Deaf Dogs: Living with Dogs Who Are Deaf

Content courtesy of Dog Central, Deaf Dogs and Deaf Dogs Rock

Lynne Chapman borrowed sign language tips and began tutoring Snowy, her hard-of-hearing Staffordshire Mix rescue, to give her a proper doggie life.

Deaf dogs can make some of the most wonderful companions, and they are trainable—many of dog trainers and volunteers can attest to that. Look at Zippy, the deaf Boston terrier (below), who, thanks to his owner (who came up with her own form of sign language), has now received the Kennel Club’s highest award for obedience.

Here are some helpful information from PAW volunteer, Jackie Threatte and Dog Fancy and PetLife magazines regarding deaf dogs:

Avoid surprising any dog. Since deaf dogs cannot hear people or animals approach them, they can get startled more often, which can lead to a fear or aggressive response. However, understanding and training can reduce and eliminate problems. Deaf dogs won’t hear your approach, but they are very tuned in to their other senses:

  • Stomping on the floor will get their attention through vibration
  • Flashing or shining a light will catch their eye and they will look for the source
  • To wake up a sleeping dog who is deaf, simply touch your dog lightly on the shoulder in the same spot every time you wake him or her. A gentle pat or pet away from the head will not be felt as threatening, your hands will be safe, and the dog will come to recognize the touch as coming from a friend.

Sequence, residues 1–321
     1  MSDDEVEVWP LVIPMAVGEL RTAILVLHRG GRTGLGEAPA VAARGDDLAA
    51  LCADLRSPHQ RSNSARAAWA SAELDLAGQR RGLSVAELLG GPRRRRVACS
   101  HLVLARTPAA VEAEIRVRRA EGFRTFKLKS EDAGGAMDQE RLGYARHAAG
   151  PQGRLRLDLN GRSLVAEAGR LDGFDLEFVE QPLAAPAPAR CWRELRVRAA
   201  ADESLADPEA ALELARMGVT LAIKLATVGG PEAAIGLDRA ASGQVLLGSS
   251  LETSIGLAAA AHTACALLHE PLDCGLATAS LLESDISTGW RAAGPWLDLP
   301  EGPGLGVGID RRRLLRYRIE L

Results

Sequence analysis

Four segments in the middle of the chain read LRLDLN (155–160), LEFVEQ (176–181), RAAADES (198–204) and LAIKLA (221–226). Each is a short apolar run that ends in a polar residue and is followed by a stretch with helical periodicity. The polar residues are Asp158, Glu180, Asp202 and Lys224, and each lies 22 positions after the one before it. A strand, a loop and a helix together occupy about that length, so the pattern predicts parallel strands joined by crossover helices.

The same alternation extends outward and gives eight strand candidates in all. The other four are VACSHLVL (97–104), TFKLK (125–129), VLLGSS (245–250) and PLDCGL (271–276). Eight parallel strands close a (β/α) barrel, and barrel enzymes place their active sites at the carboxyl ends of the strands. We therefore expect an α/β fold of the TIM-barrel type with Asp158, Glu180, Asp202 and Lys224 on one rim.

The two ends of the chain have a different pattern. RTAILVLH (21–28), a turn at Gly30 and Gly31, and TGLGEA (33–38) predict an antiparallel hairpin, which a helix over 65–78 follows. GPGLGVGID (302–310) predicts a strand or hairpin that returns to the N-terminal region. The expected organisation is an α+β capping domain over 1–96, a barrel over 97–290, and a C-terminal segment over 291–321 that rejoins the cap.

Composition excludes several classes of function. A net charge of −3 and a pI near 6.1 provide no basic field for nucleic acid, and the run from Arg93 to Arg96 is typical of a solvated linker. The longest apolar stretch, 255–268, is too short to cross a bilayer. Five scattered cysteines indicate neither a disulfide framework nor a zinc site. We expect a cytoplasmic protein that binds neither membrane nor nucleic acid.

Training is key. And training a dog who is deaf takes time and patience.

Zippy, the deaf Boston terrier, who, thanks to his owner (who came up with her own form of sign language), has now received the Kennel Club’s highest award for obedience.


There are two major differences in training a deaf dog. They have to look at your face and hands to get their instructions. They can’t hear the tone of your voice so you have to work your face muscles.

  • To train and teach the dog, use treats and physical praise, such as petting and smiling. When using treats, it helps to conduct training sessions before a meal when the dog is hungrier, and it helps to vary the treats to help keep the dog’s interest.
  • Teach your dog hand signals based on American Sign Language (ASL). You will be amazed as your hearing dogs pick up the signs as well. Fifteen or twenty signs will allow you to communicate easily with your deaf dog. Jackie has a dictionary created for use with dogs, which works with grandchildren as well.
  • To signal “Good dog,” use the simple “thumbs up” sign every time the dog does something correctly, along with a very animated oral expression of “What a great dog…way to go!” If you say it excitedly, your body language and facial expression will let the dog know he has pleased you. The “thumbs up” can be done immediately with any free hand, no matter where the hand is located, as long as the dog can see it. This serves much the same purpose as the clicker does in clicker training—as an immediate reward, which can be followed by a treat.

Trust is everything to a deaf dog. Trust and bonding are the key to getting the dog to look toward you frequently. When your deaf dog is truly bonded with you he will always come to you if he is worried or frightened.